de Onis M, Blossner M. The World Health Organization global database on child growth and malnutrition: methodology and applications. Int J Epidemiol. 2003;32:518–26.CrossRefPubMedGoogle Scholar
  35. 35.
    Dunn LM, Dunn LM, Bulheller S, Häcker H. Peabody picture vocabulary test. Circle Pines: American Guidance Service; 1965.Google Scholar
  36. 36.
    Pakendorf C, Alant E. Culturally valid assessment tools: northern Sotho translation of the Peabody Picture Vocabulary Test-Revised. S Afr J Commun Disord. 1997;44:3–12.PubMedGoogle Scholar
  37. 37.
    Blair C, Razza RP. Relating effortful control, executive function, and false belief understanding to emerging math and literacy ability in kindergarten. Child Dev. 2007;78(2):647–63.CrossRefPubMedGoogle Scholar
  38. 38.
    Blair C, Zelazo PD, Greenberg MT. The measurement of executive function in early childhood. Dev Neuropsychol. 2005;28(2):561–71.CrossRefPubMedGoogle Scholar
  39. 39.
    Achenbach TM. Manual for the child behavior checklist 11/2-5. Burlington: University of Vermont, Department of Psychiatry; 2000.Google Scholar
  40. 40.
    Goodman R. The strengths and difficulties questionnaire: a research note. J Child Psychol Psychiatry. 1997;38(5):581–6.CrossRefPubMedGoogle Scholar
  41. 41.
    Stone LL, Otten R, Engels RCME, Vermulst AA, Janssens JMAM. Psychometric properties of the parent and teacher versions of the strengths and difficulties questionnaire for 4- to 12-year-olds: a review. Clin Child Fam Psychol Rev. 2010;13(3):254–74.CrossRefPubMedPubMedCentralGoogle Scholar
  42. 42.
    Croft S, Stride C, Maughan B, Rowe R. Validity of the strengths and difficulties questionnaire in preschool-aged children. Pediatrics. 2015;135(5):e1210.CrossRefPubMedGoogle Scholar
  43. 43.
    Sharp C, Venta A, Marais L, Skinner D, Lenka M, Serekoane J. First evaluation of a population-based screen to detect emotional-behavior disorders in orphaned children in Sub-Saharan Africa. AIDS Behav. 2014;18(6):1174–85.CrossRefPubMedPubMedCentralGoogle Scholar
  44. 44.
    Cox JL, Holden JM, Sagovsky R. Detection of postnatal depression—development of the 10-item Edinburgh Postnatal Depression Scale. Br J Psychiatry. 1987;150:782–6.CrossRefPubMedGoogle Scholar
  45. 45.
    Lawrie TA, Hofmeyr GJ, de Jager M, Berk M. Validation of the Edinburgh Postnatal Depression Scale on a cohort of South African women. S Afr Med J. 1998;88(10):1340–4.PubMedGoogle Scholar
  46. 46.
    Derogatis LR, Lipman RS, Rickels K, Uhlenhuth EH, Covi L. The Hopkins Symptom Checklist (HSCL): a self-report symptom inventory. Behav Sci. 1974;19(1):1–15.CrossRefPubMedGoogle Scholar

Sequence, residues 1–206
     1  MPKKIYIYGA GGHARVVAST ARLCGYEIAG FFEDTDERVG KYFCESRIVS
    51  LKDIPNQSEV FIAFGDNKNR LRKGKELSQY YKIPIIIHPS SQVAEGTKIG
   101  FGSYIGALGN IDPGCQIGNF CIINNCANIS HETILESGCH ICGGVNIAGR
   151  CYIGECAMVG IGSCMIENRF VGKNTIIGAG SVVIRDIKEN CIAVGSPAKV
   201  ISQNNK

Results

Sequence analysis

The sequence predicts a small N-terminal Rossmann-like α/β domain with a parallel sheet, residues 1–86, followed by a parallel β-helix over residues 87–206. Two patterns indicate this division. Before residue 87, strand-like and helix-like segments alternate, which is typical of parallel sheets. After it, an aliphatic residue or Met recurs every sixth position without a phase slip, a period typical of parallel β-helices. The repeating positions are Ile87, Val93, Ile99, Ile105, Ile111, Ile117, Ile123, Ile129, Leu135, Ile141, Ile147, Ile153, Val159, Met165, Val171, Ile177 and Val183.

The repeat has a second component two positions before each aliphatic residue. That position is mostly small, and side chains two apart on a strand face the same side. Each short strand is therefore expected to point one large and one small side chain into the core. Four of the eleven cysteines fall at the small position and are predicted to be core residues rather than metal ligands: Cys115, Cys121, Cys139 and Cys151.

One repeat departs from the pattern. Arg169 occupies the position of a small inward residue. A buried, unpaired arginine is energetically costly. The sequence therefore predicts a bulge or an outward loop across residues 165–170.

47. 47.
    Dawson DA, Grant BF, Stinson FS. The AUDIT-C: screening for alcohol use disorders and risk drinking in the presence of other psychiatric disorders. Compr Psychiatry. 2005;46(6):405–16.CrossRefPubMedGoogle Scholar
  48. 48.
    Reinert DF, Allen JP. The alcohol use disorders identification test: an update of research findings. Alcohol Clin Exp Res. 2007;31:185–99.CrossRefPubMedGoogle Scholar
  49. 49.
    Rotheram-Borus MJ, Scheffler A, Tomlinson M, le Roux IM. Re-engagement in HIV care among mothers living with HIV in South Africa over 36 months post-birth. AIDS. 2015;29(17):2361–2.CrossRefPubMedPubMedCentralGoogle Scholar
  50. 50.
    Nöthling J, Martin CL, Laughton B, Cotton MF, Seedat S. Maternal post-traumatic stress disorder, depression and alcohol dependence and child behaviour outcomes in mother–child dyads infected with HIV: a longitudinal study. BMJ Open. 2013;3:e003638.CrossRefPubMedPubMedCentralGoogle Scholar
  51. 51.
    Rotheram-Borus MJ, Lee M, Leonard N, et al. Four-year behavioral outcomes of an intervention for parents living with HIV and their adolescent children. AIDS. 2003;17(8):1217–25.CrossRefPubMedGoogle Scholar
  52. 52.
    Lee M, Rotheram-Borus MJ. Challenges associated with increased survival among parents living with HIV. Am J Public Health. 2001;91(8):1303–9.CrossRefPubMedPubMedCentralGoogle Scholar
  53. 53.
    Joint United Nations Programme on HIV/AIDS (UNAIDS). 2015 progress report on the global plan towards the elimination of new HIV infections among children and keeping their mothers alive. UNAIDS. 2015. http://www.unaids.org/sites/default/files/media_asset/JC2774_2015ProgressReport_GlobalPlan_en.pdf. Accessed 16 May 2016.
  54. 54.
    Lawn J, Kerber K. Opportunities for Africa’s newborns: practical data, policy and programmatic support for newborn care in Africa. World Health Organization (WHO). 2006. http://www.who.int/pmnch/media/publications/oanfullreport.pdf. Accessed 4 April 2016.

Copyright information

© Springer Science+Business Media New York 2016

Authors and Affiliations

  • Mary Jane Rotheram-Borus
    • 1
    Email author
  • Mark Tomlinson
    • 2
  • Aaron Scheffler
    • 1
  • Danielle M. Harris
    • 1
  • Sandahl Nelson
    • 1
  1. 1.Department of Psychiatry & Biobehavioral Sciences, Semel InstituteUniversity of California at Los AngelesLos AngelesUSA
  2. 2.Department of PsychologyStellenbosch UniversityMatielandSouth Africa

Personalised recommendations